It has been said that 97 percent of text messages are read within four minutes. In fact, we know that many are viewed in a shorter window than that. If we’re not those people ourselves, we have likely experienced family members, friends, and others rudely take themselves out of a conversation to respond to the bing or ding of their phones.
Beyond a lack of manners, what’s behind this behavior? Much of it has to do with the value placed on a text message. Unlike email, the vast majority of texts either are from people we know or solicited by us through membership in permission-based, mobile clubs developed by brands, politicians, and others.
That is changing. According to an 1,100 word story in the New York Times, spam is becoming more pervasive on mobile devices. The Times said that in the United States, consumers received roughly 4.5 billion spam texts last year, more than double the 2.2 billion received in 2009, according to Ferris Research, a market research firm that tracks spam.
That is 4.5 million in a year spread out over 250 million text-enabled phones, according to the Times.
Does this problem compare to what we see in our email inboxes? Hardly.
Israeli Internet security developer Commtouch reports that we receive an average of about 4.5 million spam emails approximately every 90 minutes.
Just what are the implications of a doubling of spam on mobile devices?
If we continue down this path, many mobile subscribers will consider texts an intrusion and ignore them.
Marketers who have succeeded in providing value to consumers who opt into mobile programs will suffer the consequences of a less attentive audience.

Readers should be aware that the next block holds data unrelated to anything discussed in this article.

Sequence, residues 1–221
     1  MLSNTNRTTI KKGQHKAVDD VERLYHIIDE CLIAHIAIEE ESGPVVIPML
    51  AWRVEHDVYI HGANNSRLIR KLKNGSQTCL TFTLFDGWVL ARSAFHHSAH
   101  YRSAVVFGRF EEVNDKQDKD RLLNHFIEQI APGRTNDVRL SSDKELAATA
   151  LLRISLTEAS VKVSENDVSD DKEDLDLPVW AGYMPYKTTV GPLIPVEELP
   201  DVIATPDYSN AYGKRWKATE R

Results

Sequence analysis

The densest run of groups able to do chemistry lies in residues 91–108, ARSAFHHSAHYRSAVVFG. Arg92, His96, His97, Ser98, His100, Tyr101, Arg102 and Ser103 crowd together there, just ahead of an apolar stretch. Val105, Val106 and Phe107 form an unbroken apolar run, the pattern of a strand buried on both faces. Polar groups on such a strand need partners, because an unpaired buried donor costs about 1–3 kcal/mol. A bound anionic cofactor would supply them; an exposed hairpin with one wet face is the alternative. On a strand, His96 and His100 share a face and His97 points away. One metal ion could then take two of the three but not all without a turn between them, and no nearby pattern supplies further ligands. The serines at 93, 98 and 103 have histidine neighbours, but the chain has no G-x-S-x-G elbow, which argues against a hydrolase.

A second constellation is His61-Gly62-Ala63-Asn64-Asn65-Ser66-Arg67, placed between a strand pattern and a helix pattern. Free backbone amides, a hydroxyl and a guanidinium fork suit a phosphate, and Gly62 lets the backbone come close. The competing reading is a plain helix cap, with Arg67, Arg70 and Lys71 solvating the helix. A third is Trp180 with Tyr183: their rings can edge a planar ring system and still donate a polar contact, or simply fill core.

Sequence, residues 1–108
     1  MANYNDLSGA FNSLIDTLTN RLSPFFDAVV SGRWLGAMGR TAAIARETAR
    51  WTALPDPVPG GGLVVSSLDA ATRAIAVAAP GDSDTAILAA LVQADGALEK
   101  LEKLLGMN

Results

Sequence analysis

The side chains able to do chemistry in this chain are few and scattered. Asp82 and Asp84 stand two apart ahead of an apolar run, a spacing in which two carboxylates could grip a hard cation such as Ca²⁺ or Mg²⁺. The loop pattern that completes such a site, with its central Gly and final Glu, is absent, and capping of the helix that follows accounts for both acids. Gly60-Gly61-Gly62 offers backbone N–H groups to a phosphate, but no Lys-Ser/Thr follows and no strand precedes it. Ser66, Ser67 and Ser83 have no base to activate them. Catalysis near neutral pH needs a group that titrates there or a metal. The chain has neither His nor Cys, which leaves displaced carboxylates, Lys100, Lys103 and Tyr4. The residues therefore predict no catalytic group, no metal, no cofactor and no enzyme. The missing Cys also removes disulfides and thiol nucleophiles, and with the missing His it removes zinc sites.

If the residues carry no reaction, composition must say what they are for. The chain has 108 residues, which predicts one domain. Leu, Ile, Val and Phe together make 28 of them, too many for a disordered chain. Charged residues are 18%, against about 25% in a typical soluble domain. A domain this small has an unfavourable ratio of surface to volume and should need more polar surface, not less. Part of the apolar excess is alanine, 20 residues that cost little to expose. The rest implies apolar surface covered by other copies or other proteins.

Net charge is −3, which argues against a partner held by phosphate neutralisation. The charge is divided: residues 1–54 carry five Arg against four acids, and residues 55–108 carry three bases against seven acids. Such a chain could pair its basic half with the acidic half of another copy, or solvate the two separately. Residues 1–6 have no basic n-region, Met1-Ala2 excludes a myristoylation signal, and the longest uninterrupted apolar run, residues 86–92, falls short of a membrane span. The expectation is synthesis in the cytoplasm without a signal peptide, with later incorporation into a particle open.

The mobile operators may see a drop in messaging revenue. Imagine how many will say no to the text option if the alternative is incessant and unwanted SMS.
As the Times reported, mobile spam is illegal under two federal laws — the 2003 Can Spam Act and the Telephone Consumer Protection Act, which set up the Do Not Call Registry in 2003. Smartphone users can report numbers that spam comes from on both the Web sites of the F.T.C. and the Federal Communications Commission. The major wireless carriers — AT&T, Sprint, T-Mobile, Bell Mobility and Verizon Wireless — all also offer ways to report the numbers on their Web sites and can block numbers.
It is up to the carriers to enforce the laws and quickly shut down the spammers whether they are smishing (illegally seeking personal information) or marketing outside the rules.
Anything less than vigilance will turn off consumers and the route to them.
Article first published as Will Spam Turn Mobile Users Off? on Technorati.